DVG's Expositions on Journalism as a Crusade and Press Freedom

This article is part 54 of 57 in the series Life and Legacy of DVG

This progressive degeneration of Indian journalism in DVG’s own lifetime—by reducing its high standard as a sacred calling to a routine job and thereby destroying its worth as a profession as well—prompted him to note[1] that what “we need for our country is a Government of the people, not a Government of journalists.” Here, DVG, the Ekalavya surpasses his journalistic Dronacharya, W.T. Stead who wrote an influential tract[2] unambiguously titled, Government by Journalism, in which he openly called for editors and journalists to don the role of rulers.

The very conception of journalism as an instrument of government is foreign to the mind of most journalists. Yet, if they could but think of it, the editorial pen is a sceptre of power, compared with which the sceptre of many a monarch is but a gilded lath… In him are vested almost all the attributes of real sovereignty.

In hindsight, it can be argued that this idea germinated in Stead’s mind while he was serving a prison sentence in the notorious Eliza Armstrong case,[3] an expose which was also the highest watermark of his journalistic career. DVG describes Stead’s life in prison quite[4] movingly:

He bore the trials of prison-life with the cheerful fortitude of that comes naturally to a man of true, steadfast faith. From the very beginning full of spiritual longing and devotion to all that is godly…he grew more introspective in the solitude of the gaol and…conceived the idea of combining the Churches with newspapers in the work for the moral regeneration of the people…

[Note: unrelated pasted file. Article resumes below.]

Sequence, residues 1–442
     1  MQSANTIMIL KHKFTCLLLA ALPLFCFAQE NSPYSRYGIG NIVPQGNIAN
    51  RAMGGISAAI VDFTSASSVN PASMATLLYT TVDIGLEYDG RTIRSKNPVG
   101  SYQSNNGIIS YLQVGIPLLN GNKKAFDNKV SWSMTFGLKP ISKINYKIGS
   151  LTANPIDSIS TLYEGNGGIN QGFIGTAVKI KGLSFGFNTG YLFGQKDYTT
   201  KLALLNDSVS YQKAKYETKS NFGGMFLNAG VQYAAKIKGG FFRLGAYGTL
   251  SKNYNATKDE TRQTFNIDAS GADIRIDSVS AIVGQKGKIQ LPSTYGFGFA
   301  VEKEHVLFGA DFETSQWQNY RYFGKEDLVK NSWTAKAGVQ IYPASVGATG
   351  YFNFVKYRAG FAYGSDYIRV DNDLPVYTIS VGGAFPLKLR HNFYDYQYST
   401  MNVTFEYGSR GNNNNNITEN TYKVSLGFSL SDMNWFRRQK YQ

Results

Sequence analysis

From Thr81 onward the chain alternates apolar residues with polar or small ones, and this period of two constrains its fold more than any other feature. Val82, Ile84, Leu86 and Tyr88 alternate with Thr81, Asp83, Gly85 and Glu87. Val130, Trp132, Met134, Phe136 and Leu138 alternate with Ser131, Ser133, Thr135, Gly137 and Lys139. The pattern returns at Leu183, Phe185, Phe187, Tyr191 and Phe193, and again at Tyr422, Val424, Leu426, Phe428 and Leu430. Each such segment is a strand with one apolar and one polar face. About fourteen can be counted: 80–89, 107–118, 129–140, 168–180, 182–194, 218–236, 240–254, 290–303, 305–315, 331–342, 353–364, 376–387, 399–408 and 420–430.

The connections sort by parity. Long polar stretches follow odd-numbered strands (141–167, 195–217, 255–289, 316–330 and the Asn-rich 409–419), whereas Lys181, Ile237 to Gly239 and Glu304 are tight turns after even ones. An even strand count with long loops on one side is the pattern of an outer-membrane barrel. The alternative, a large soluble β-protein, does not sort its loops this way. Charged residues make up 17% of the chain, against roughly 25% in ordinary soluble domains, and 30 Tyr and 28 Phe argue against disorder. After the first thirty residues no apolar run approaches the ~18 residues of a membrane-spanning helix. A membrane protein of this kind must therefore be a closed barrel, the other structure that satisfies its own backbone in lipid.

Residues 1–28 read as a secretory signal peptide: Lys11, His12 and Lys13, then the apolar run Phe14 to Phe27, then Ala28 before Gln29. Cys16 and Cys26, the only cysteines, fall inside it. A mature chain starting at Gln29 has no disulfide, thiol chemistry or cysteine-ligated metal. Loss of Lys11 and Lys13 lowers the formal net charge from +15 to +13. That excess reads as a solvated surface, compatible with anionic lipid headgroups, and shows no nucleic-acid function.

Without diluting Stead’s deserved eminence, and purely with the benefit of more than a century of history, it can be said that Stead did harbor a pint of bitterness when he wrote his Government by Journalism. While that tract was equally influential, it simultaneously earned Stead the unflattering moniker: muckraker.

In his characteristic style, DVG broadly agrees with Stead that the “editorial pen is a spectre of power.” In fact, he goes a step further when he says that the “newspaper is a great weapon.” But it is a sacred weapon to be used for the well-being of the citizen. And then he delivers[5] another quotable quote: “the weapon must not induce stupor within its wielder,” and further notes how “this alarming development has already occurred in Europe and America. My fear and hope is that it must not occur in India as well.”

****

W.T. Stead’s monograph houses within itself perhaps the greatest danger built into journalism: activist crusade leading to unpredictable political upheavals and societal tumult. In this context, we can recall DVG’s warning[6] against political activism and agitation as substitutes for reasoned debate and forethought about long-term consequences. Indeed, he offers a sterner warning to journalists who think that journalism is some sort of crusade. The entire section[7] is worth reproducing at length.

Our youth are fired with the zeal to start newspapers. Their minds are enchanted with these grand dreams—let us sound the bugle of justice; let us condemn the officials who have the capacity to frighten the whole world; let us sit in public gatherings and show the sharp spike of our pen to the speech-giving mammoths…However, these youth don’t realise that this enchantment is merely a veil and that the stuff inside is far from being enchanting.

My routine response to any young person who approaches me for advice on becoming a journalist is “no.” The profession of journalism is fundamentally injurious. Those who wish to take it up and hope to succeed need to have enormous amounts of external and internal wealth. I have personally realized this truth after fifteen years of experiencing all varieties of travails. Anybody who sets out to offer knowledge and happiness to the world through this profession—no matter how enthusiastic he is—will undergo disappointment that is many times greater than his enthusiasm. He will then retreat from the profession cursing the same world he wanted to please.